Out in the courtyard I was congratulated and overwhelmed with all of the built up anxiety that I could finally let go. I thanked my professor for helping me achieve such a wonderful accomplishment then I went back into see Lina finish her discussion since she was right after mine. What a thrill to have both accomplished so much and in such a short time. Lina and I were the only ones from our class graduating during that appello there were maybe 7 students in total, some from other programs within political science and a couple from our International Relations program but who had started the year before us.... che grande emozioni! Lina and I were finished! So I told her I'd see her at la proclamazione and I was off with my posse to grab a cappuccino on Strada Maggiore and then to have a fabulous lunch at Al Torinese under the porticos of Piazza Maggiore. Life was good! After lunch my host family had to depart to catch their trains, I thanked them immensely for attending since they were a huge part of my initial florentine experience and my love for Italy, then I walked the crew down to the classroom where la proclamazione was held. The actual graduation ceremony was short, simple and underwhelming. A number of our professors were dressed in judge type robes and marched into a classroom with the graduates in it. We line up along the side of the room and then Professor Endrici (La Endrici) announced each of us and proclaimed we had become Dottore by Italian law and also announced our final grades. I was psyched as I achieved a 100/110, which was beyond my expectations of a grade, my lovely Lina got a 110/110 con lode, she is such a hard worker and truly intelligent woman, lucky to have her as a friend during my two years at Uni :) But the main thing I walked away from that proclamazione with was a title and a feeling, I was now a dottoressa, and my adventure to becoming a dottoressa was above and beyond and the most important people in my life were there to witness it! SO thankful for everyone who supported me through my ups and downs in BO and so thankful to have such a strong family bond through my Nonni who inspired me to embrace the country they immigrated from so many years ago. I was and still am so proud to have completed this feat with them as witnesses!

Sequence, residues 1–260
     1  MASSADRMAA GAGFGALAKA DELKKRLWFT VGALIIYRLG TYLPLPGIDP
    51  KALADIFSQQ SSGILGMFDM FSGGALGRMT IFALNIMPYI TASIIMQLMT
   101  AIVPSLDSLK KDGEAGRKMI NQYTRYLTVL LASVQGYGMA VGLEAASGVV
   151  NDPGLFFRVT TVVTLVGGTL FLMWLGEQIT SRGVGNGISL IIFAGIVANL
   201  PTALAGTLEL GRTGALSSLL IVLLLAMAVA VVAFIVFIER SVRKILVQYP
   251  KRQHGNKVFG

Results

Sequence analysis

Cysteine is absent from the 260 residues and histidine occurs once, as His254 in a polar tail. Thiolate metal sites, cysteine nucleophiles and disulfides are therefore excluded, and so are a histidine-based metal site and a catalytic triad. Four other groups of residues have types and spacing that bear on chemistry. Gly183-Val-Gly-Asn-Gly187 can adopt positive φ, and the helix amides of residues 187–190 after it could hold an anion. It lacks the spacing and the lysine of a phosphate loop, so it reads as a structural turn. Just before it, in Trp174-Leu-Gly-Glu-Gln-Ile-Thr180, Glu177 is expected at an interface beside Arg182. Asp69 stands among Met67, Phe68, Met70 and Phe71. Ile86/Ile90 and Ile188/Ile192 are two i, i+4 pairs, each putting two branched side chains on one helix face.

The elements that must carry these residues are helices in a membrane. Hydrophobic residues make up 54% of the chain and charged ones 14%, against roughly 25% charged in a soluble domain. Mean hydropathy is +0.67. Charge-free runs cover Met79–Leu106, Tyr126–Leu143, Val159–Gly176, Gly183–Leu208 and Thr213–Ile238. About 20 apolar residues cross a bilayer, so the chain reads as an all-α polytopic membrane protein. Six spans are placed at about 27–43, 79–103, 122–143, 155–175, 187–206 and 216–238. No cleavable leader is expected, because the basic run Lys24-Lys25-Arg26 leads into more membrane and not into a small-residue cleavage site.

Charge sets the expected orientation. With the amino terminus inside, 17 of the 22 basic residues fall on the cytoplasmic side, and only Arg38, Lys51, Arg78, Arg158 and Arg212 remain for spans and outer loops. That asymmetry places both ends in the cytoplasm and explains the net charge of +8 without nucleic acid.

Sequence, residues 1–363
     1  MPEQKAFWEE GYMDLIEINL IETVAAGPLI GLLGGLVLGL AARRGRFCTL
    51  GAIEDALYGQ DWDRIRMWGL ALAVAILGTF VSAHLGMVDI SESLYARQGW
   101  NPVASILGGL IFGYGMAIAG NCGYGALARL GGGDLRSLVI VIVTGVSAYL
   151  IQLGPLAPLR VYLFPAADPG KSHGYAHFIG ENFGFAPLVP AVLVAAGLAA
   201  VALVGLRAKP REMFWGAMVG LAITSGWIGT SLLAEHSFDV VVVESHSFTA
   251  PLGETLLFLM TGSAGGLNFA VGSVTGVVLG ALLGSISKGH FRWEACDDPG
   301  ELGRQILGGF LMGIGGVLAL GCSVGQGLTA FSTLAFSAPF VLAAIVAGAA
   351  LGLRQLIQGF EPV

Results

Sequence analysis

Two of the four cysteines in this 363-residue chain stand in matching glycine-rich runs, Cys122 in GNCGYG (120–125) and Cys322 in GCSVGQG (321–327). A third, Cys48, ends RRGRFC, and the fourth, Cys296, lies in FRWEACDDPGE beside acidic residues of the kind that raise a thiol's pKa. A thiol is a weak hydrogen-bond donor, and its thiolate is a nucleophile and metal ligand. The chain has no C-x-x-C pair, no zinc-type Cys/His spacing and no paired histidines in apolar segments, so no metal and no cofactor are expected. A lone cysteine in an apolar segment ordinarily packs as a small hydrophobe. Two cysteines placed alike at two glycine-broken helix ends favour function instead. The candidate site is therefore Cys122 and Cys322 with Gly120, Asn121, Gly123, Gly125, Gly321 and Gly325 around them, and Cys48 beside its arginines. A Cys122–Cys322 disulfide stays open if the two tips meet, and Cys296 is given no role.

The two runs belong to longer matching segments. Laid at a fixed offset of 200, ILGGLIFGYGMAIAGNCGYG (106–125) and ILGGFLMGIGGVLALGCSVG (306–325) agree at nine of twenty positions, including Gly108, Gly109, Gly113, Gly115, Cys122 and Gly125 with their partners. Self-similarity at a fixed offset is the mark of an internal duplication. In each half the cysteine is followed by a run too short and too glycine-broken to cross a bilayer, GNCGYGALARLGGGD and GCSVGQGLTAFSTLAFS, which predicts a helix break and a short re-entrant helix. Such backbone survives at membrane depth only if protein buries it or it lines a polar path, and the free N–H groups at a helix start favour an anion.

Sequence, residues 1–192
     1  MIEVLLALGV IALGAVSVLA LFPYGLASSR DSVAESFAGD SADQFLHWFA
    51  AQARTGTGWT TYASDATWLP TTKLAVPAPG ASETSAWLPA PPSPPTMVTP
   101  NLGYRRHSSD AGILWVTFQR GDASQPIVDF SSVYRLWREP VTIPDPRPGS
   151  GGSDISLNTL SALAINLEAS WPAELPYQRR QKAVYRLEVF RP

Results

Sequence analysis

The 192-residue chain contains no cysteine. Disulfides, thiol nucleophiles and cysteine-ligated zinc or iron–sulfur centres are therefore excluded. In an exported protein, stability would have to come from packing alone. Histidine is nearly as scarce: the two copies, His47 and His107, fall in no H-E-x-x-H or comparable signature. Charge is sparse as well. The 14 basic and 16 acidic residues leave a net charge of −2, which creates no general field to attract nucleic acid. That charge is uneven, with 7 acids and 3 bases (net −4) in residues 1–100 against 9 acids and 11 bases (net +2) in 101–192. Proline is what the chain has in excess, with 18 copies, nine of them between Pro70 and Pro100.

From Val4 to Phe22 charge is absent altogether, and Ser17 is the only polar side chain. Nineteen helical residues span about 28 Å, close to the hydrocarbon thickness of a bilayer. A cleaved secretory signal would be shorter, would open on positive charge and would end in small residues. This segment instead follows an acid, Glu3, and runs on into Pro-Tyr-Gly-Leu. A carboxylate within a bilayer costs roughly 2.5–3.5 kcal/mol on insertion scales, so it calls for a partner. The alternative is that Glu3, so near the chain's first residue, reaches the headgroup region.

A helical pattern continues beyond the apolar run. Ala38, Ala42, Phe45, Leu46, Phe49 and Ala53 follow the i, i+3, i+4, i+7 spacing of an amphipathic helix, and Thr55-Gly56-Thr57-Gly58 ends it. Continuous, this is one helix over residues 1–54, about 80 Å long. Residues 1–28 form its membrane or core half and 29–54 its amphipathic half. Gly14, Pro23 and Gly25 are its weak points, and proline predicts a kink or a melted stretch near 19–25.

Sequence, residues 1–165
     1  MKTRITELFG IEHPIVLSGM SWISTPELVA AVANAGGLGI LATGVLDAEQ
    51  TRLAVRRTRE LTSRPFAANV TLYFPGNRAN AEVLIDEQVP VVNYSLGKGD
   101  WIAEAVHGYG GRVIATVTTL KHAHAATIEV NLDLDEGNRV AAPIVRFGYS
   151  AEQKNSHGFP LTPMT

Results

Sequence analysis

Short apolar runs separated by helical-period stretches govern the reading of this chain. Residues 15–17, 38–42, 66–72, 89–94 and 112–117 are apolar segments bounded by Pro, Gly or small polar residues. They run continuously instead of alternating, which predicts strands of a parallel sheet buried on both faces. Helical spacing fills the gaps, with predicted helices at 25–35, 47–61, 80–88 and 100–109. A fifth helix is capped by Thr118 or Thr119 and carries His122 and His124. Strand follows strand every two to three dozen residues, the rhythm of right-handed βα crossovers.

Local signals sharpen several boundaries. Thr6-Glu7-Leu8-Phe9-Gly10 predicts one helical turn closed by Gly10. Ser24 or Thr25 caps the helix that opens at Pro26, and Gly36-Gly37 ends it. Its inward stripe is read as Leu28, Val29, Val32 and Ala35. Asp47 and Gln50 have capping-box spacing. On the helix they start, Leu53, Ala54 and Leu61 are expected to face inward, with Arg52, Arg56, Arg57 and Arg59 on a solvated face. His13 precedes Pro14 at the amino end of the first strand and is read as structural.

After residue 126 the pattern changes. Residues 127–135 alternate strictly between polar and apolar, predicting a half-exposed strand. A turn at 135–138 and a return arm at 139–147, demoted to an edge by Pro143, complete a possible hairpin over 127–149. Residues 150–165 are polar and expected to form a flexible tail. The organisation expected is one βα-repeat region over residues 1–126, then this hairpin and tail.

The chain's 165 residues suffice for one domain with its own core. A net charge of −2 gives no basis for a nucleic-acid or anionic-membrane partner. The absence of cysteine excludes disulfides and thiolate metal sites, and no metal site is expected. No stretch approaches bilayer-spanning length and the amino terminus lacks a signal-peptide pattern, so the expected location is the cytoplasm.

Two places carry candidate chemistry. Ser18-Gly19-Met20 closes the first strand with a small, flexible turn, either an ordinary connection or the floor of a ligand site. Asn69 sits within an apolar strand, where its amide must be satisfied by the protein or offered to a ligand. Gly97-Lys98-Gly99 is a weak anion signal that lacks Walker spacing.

So blessed :)